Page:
After a Super Bowl victory the year prior, the Buccaneers looked to establish themselves as one of the league’s outright dynasties. With an elite defense to their credit, it seemed that if the offense could just eliminate mistakes, they could repeat with another deep playoff run. That wasn’t the case, as the lack of weapons on the offensive side of the ball really showed its true colors in the 2003 campaign. Brad Johnson was predictably mediocre at QB, throwing 21 INTs, and the offense didn’t have the skill players to compensate for that. They finished with a 7-9 record, and even though Jon Gruden’s Bucs would have a couple more winning seasons in the next six years, they never again won a playoff game. The 2002 Super Bowl turned out to largely be an anomaly.
11. 2003 Oakland Raiders
The opponents of the Bucs in the 2002 Super Bowl, the Raiders were another team who looked to break out, and establish themselves as a winner. After winning 11 games the year prior, Oakland won just four in 2003, and finished in the bottom third of the league in both overall offense and defense. Coach Bill Callahan was fired before the 2004 season, and the team settled into mediocrity for a decade, only showing signs of recovery now, with players like David Carr and Amari Cooper. The front office at the time heavily overrated their chances, and minimal improvements were made for the 2003 season, and it showed. Perhaps the biggest one-off team of the 00s, the Raiders’ fall from grace was steep and ugly.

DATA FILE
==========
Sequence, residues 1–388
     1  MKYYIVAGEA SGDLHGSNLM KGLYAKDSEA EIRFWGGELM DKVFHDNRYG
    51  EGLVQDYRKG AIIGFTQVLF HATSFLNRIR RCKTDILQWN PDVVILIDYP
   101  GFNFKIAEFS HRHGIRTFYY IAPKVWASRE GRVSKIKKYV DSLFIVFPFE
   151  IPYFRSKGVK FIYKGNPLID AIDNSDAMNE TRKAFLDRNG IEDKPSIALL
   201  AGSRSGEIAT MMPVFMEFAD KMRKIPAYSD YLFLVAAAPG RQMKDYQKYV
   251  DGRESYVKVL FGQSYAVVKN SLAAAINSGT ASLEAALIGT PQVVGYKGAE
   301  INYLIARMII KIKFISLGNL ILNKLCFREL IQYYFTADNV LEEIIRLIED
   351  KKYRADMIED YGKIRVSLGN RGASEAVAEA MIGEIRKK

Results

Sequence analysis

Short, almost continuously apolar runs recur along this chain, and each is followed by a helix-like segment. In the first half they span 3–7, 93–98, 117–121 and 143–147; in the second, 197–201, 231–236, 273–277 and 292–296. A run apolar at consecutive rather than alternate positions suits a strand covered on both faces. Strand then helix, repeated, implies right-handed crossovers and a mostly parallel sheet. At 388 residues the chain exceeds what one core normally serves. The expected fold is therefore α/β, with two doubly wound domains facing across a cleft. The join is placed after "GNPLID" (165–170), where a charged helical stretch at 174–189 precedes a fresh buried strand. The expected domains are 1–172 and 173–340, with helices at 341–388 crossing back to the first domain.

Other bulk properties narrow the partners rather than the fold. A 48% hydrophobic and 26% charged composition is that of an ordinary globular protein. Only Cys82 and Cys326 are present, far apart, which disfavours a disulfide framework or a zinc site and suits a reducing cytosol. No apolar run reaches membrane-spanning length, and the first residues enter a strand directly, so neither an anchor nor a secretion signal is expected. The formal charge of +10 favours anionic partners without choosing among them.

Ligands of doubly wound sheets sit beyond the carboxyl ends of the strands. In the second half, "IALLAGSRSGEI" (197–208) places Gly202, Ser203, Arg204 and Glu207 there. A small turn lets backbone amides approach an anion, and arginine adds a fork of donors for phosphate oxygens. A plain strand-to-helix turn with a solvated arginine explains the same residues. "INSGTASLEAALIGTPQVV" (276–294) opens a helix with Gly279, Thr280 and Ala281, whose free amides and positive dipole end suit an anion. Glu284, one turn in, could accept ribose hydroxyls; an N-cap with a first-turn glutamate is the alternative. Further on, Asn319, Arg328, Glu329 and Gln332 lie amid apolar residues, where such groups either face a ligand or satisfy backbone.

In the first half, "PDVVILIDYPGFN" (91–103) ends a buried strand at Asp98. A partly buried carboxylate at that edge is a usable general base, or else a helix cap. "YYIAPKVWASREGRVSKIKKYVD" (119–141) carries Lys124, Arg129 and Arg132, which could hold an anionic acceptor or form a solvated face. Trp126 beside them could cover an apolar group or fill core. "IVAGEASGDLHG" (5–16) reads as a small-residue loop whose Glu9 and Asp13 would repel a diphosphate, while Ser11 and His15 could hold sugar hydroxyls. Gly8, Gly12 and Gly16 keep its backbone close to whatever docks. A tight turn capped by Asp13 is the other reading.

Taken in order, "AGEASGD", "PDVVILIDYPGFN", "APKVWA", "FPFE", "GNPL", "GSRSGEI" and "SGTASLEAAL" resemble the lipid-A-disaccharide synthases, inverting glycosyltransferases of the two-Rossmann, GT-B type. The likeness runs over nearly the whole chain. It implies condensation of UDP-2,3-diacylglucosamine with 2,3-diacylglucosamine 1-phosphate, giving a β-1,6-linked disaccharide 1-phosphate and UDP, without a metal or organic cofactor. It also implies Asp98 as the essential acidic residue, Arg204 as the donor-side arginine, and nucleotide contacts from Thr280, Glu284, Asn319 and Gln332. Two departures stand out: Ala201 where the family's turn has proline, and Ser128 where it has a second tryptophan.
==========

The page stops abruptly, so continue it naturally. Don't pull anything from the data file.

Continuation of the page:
10. 1990 Buffalo Bills
The nightmare for Buffalo wasn’t because of a lack of talent, or even winning teams. Instead, it was one isolated play that would haunt the franchise for years to come. The 1990 version of the Bills made the Super Bowl in the first of four consecutive appearances, and yielded the infamous “wide right” field goal kick that promptly lost them a title-victory. After three additional losses in the Super Bowl, the team and city would never recover, and haven’t seen a single playoff appearance since 1999. It’s the bane of existence for everybody in Buffalo, and the subject of their own personal football hell for the past 25 years. The Bills were one kick away from a championship, and the botched attempt has seemed to curse the team for years.